"Cube" and "Splice" director Vincenzo Natali has not given up on his dream to one day make a film adaptation of William Gibson's classic 1984 novel "Neuromancer".
After being stuck for years in development hell, the project looked to be moving again last year as producer Lorenzo di Bonaventura came onboard. While funding was sorted out, Natali went to work on the supernatural thriller "Haunter".
Now out doing promotion for that film, Natali spoke with Crave Online about where the "Neuromancer" film now stands:
"It's not on the fast track, but it's very much alive and I'm hopeful. It's a long haul, like all good things that are audacious and challenging. It continues. It seems to be indomitable.
The script has been ready for years. Strangely, that wasn't the hard part. I benefited, first of all, from developing the script very much with the influence of William Gibson, which was tremendously helpful.
Then I also had, frankly, the benefit of looking at all the versions previous to mine and learning from their mistakes. Actually, I'm quite faithful to the novel. I basically went back to the book and made some alterations to contemporize it but it's in there."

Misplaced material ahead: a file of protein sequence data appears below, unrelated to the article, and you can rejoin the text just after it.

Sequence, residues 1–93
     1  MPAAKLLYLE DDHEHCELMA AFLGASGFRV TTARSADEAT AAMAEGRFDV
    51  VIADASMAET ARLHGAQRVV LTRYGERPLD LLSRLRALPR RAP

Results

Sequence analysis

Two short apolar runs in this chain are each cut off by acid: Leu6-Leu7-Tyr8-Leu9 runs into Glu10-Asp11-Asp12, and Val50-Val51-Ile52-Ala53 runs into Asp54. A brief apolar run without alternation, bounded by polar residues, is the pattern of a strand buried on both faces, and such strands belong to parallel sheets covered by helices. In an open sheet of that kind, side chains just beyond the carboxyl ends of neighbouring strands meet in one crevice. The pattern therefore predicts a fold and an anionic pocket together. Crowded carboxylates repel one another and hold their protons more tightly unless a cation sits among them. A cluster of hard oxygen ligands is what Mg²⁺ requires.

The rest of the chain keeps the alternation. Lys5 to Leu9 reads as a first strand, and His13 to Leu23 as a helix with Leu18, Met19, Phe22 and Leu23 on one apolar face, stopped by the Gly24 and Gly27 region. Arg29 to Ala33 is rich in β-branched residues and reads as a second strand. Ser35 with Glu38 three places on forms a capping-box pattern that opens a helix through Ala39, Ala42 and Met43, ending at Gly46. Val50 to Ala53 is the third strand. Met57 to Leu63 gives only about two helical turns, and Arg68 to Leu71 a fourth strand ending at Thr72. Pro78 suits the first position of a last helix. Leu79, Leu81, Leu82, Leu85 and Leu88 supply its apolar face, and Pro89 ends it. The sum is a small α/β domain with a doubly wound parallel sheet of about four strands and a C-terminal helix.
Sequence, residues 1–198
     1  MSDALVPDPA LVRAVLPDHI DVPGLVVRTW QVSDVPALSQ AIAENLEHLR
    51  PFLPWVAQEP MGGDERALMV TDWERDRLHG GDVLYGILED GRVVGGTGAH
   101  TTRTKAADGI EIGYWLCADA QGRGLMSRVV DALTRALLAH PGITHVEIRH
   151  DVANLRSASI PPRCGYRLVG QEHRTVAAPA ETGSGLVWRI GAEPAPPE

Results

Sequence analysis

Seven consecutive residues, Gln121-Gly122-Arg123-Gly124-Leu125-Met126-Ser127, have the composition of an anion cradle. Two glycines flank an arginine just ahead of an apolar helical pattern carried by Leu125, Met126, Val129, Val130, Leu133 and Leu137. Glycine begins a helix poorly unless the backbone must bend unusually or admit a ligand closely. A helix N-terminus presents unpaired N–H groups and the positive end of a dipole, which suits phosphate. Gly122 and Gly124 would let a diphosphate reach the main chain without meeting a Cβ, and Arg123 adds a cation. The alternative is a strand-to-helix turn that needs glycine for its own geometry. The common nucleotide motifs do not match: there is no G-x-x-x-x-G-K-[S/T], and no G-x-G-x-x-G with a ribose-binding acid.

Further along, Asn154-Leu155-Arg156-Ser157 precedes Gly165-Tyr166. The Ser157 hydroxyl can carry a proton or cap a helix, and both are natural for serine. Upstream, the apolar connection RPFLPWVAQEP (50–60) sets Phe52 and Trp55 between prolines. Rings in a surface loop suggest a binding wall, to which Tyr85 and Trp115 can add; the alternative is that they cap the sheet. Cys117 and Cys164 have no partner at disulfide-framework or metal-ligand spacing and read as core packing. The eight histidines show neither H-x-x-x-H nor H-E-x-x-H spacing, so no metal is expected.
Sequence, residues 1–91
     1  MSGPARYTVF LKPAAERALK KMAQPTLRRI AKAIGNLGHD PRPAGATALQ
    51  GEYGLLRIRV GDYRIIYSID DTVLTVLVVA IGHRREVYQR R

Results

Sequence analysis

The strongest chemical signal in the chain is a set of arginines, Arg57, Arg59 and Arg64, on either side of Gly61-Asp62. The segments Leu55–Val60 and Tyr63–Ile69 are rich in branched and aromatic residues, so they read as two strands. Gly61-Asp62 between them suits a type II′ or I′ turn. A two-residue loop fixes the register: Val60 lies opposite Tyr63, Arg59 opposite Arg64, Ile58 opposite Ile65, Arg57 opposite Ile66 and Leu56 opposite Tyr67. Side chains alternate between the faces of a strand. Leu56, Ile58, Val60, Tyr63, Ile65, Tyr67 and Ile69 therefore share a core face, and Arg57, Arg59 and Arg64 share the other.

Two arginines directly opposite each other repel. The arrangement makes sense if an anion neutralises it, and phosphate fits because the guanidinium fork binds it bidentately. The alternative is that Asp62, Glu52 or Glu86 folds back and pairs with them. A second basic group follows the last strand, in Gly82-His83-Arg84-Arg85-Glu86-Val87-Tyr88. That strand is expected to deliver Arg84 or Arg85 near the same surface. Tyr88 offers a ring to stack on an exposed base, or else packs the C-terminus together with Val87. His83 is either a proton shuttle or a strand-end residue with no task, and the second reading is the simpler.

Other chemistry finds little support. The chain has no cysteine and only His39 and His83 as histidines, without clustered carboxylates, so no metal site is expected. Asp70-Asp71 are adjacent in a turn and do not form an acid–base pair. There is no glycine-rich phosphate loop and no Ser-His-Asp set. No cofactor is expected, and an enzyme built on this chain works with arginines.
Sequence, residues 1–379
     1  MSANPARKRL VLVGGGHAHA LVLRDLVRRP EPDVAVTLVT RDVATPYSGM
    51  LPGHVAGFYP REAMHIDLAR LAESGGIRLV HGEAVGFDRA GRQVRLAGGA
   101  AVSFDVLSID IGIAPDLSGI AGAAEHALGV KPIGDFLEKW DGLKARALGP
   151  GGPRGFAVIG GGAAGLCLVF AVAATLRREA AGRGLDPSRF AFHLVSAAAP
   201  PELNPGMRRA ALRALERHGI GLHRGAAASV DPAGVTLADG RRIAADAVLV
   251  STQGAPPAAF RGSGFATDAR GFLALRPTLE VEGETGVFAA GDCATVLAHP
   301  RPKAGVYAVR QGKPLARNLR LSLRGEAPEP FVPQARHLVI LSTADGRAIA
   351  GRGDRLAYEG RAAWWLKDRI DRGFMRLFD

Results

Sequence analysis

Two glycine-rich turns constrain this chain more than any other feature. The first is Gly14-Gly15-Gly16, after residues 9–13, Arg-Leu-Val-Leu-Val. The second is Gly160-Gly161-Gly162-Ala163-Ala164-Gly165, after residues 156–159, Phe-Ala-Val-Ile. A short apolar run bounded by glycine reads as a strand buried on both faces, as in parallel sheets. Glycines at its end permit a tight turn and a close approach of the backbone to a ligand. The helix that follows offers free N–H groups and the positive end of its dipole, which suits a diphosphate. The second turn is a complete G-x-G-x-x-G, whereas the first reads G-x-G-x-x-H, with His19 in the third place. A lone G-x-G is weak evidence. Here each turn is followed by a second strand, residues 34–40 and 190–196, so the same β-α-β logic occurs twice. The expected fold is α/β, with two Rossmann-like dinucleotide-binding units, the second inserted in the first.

The issue is "putting the money together" as a story like this has to be independently funded, and Natali can't do it for less than $60 million:
"It's not just what happens, but how it's told and the texture that exists in the world that we have to recreate. If we can independently raise the money then I'll be operating with total freedom, and that's exciting."
The original book follows a washed-up computer hacker hired by a mysterious employer to work on the ultimate hack. Gibson's novel dealt with topics like artificial intelligence, virtual reality, genetic engineering and cyberspace.
The novel practically invented the genre of 'cyberpunk' and subsequent themed films from "Johnny Mnemonic" and "Strange Days" to "The Matrix" trilogy.